WordPress 2.5 is out (and the WordPress site got a facelift), and I’ve already upgraded MaisonBisson using SVN. The changes are exciting, and seem to reflect a tradition that’s developing in WordPress of delivering some really revolutionary features in the x.5 release.
The loss of file-based object caching was a bit of a problem, as my VPS‘s load average jumped to over 30 pretty quickly after the upgrade. I tried Mark Jaquith‘s apc-object-cache enabler and saw load average drop back to 2 or so, but I also saw tag and category names disappear and discovered other weirdness. Why it happened I don’t know, but I’m looking into it. Fortunately, NeoSmart‘s file-based object cache replacement works perfectly and efficiently. (Mind you, Ryan Boren thinks WordPress caches should require more adventure.)
bSuite seems to work perfectly in 2.5, though the new shortcode API obviates one of bSuite’s coolest features: tokens. Still, it’s better to run with the herd, so I’ll be transitioning bSuite’s built in tokens to take advantage of the shortcode API soon.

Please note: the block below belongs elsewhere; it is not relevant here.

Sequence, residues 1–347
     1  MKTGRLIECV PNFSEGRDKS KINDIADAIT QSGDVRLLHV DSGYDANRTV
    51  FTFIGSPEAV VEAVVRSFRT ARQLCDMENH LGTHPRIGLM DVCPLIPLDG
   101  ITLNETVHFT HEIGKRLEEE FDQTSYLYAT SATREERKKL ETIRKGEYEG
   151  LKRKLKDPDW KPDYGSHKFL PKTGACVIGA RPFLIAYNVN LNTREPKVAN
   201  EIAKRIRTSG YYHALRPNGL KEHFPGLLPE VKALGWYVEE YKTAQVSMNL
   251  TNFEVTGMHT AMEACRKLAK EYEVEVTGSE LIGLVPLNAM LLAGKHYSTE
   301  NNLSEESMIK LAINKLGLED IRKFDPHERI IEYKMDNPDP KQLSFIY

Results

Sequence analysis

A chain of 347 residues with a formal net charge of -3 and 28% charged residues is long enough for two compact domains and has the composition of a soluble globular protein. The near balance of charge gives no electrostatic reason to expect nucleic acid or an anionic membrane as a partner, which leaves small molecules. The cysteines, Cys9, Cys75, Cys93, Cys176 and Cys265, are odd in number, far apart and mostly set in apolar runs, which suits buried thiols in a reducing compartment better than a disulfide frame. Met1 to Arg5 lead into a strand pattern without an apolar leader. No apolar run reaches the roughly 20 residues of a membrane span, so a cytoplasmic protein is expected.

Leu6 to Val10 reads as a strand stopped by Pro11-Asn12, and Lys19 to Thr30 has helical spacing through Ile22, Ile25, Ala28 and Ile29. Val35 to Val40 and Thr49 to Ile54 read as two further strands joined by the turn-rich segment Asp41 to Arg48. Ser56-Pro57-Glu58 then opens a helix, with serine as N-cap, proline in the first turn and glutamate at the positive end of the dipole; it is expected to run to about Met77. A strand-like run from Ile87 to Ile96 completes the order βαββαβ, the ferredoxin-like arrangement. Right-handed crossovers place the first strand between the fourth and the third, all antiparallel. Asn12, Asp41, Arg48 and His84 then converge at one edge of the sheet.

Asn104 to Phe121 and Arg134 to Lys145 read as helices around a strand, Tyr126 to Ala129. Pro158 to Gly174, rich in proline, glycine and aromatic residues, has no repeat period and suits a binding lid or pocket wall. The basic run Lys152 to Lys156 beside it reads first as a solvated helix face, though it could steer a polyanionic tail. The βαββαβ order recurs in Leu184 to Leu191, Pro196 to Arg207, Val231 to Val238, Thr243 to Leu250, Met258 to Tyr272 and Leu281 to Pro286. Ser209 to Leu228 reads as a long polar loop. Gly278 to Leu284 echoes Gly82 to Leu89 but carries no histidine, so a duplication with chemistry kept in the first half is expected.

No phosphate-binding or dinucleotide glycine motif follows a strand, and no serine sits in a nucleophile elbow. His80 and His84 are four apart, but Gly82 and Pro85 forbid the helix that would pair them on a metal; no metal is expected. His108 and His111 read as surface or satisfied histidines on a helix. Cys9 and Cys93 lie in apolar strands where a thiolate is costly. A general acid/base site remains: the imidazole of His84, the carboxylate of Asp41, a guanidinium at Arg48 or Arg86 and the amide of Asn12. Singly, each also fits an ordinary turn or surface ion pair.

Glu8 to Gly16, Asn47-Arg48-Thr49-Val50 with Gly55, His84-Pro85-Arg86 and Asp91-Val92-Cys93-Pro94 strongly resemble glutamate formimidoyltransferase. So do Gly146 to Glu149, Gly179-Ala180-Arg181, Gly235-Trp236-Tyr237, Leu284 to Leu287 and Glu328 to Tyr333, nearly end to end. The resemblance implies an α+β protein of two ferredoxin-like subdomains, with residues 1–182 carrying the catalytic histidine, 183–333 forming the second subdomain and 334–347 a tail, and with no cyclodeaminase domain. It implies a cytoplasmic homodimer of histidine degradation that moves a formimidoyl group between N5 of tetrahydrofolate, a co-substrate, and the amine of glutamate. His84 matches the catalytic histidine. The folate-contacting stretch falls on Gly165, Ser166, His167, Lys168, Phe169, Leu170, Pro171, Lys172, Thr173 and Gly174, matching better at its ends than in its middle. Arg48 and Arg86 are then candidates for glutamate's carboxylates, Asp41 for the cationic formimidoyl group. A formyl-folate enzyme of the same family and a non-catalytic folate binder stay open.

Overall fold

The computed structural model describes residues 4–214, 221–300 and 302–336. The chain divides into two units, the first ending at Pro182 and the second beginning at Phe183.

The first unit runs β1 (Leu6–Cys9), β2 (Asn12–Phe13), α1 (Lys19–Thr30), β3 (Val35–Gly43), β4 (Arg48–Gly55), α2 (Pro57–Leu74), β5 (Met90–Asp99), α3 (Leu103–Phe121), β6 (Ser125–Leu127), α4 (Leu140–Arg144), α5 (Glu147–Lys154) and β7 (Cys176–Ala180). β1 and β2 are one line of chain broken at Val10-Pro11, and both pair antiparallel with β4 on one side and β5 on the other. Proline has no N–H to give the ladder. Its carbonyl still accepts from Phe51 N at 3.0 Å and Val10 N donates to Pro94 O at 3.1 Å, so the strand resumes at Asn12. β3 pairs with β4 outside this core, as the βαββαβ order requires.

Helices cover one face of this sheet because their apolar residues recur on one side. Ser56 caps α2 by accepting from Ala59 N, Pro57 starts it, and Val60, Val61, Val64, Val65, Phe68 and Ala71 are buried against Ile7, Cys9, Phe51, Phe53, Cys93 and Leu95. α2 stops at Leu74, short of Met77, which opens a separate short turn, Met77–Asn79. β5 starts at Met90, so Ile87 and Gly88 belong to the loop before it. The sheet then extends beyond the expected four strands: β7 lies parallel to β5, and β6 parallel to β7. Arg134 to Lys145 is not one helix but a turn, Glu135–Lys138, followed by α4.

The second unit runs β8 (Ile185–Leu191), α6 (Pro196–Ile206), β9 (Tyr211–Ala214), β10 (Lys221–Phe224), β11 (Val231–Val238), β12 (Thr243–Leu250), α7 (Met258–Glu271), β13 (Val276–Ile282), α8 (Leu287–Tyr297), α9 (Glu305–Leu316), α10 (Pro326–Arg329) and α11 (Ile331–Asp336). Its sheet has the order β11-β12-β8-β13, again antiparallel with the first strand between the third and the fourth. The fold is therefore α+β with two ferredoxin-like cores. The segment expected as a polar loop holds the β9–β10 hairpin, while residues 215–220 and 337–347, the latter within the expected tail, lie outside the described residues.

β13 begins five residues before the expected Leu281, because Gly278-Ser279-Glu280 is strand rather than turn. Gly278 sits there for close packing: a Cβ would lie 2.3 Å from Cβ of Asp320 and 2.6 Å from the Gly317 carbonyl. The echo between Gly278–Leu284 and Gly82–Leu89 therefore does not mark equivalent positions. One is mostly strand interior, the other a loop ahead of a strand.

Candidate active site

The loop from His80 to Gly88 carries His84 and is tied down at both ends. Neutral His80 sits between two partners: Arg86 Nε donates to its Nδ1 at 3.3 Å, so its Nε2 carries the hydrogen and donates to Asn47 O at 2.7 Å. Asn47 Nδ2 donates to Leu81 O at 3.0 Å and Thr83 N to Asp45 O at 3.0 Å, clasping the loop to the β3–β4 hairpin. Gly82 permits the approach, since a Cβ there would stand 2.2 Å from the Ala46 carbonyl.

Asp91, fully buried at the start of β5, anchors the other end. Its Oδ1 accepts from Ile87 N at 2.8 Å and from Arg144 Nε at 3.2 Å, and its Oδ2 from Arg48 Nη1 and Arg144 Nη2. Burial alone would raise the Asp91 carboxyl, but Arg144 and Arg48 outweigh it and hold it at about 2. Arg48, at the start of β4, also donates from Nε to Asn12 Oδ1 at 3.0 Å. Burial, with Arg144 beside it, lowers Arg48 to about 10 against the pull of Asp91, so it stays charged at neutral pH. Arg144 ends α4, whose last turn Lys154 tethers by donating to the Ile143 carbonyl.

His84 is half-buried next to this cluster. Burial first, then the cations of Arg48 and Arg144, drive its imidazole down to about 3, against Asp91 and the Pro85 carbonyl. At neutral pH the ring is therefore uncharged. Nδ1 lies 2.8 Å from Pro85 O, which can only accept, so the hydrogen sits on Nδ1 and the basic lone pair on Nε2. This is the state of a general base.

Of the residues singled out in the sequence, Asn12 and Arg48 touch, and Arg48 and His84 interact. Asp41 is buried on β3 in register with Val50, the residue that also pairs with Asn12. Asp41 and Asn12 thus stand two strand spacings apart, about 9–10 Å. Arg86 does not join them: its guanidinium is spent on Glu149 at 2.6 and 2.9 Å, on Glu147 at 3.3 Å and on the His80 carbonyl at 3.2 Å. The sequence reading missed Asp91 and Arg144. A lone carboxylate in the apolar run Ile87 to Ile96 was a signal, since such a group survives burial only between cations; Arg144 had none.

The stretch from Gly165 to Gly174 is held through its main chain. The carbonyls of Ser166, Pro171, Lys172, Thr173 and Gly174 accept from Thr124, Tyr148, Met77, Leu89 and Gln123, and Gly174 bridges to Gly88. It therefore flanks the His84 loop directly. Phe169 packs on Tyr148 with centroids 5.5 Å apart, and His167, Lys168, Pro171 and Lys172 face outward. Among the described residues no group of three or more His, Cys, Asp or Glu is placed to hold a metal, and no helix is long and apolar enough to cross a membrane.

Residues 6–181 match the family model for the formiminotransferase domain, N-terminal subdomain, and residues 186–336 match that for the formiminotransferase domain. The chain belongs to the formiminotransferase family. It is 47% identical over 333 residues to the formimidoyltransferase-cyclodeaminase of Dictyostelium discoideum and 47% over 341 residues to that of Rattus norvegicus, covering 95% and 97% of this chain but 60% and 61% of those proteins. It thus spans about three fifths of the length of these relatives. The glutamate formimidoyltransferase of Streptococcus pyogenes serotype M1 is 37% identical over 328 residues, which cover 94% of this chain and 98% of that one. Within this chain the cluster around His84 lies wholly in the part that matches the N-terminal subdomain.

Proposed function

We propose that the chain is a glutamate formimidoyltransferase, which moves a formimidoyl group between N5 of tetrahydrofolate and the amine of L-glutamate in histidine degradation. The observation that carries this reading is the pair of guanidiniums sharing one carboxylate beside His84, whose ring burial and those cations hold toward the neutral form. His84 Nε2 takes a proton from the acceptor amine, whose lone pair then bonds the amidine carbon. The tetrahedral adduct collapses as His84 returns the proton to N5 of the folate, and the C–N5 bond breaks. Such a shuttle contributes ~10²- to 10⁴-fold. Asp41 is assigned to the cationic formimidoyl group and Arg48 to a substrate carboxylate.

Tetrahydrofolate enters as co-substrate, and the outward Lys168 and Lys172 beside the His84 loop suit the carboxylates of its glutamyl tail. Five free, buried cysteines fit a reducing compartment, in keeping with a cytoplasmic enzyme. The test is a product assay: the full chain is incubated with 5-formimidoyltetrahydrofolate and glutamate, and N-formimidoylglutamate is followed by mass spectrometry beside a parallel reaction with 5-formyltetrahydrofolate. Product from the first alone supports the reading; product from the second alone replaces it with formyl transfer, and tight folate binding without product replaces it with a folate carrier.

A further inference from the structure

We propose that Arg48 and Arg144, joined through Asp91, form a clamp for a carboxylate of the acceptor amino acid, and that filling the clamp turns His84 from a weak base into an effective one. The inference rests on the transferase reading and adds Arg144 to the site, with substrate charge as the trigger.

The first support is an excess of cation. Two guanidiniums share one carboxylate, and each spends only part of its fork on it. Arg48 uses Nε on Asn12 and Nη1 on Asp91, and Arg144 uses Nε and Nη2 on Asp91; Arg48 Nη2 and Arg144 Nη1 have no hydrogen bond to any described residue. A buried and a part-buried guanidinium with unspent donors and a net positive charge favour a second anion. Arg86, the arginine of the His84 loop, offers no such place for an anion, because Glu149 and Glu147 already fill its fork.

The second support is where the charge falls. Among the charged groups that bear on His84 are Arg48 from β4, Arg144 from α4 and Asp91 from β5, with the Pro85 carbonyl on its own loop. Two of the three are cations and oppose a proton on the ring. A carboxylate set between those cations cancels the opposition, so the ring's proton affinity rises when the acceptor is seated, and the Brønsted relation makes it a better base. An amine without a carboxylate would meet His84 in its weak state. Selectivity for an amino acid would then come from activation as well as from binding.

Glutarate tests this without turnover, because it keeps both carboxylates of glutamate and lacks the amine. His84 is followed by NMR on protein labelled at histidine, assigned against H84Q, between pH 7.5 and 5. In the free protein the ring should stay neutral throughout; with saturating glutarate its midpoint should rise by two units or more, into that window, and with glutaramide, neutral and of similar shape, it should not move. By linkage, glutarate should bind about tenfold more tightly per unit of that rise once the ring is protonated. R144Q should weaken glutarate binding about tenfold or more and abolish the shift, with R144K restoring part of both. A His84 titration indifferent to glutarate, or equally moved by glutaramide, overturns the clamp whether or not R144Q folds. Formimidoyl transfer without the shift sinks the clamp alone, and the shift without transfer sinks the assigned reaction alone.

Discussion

One of the features that’s not received much attention yet, but is hugely valuable to those (like me) who are using and advocating for WordPress as a general purpose CMS, is the concurrent editing protection. That is, if another WordPress author is editing a story, you can’t save changes to it until that editor is done. The next step for this is to allow concurrent team editing in the way Google Docs does as well as versioning (versioning has been discussed as a feature for 2.6).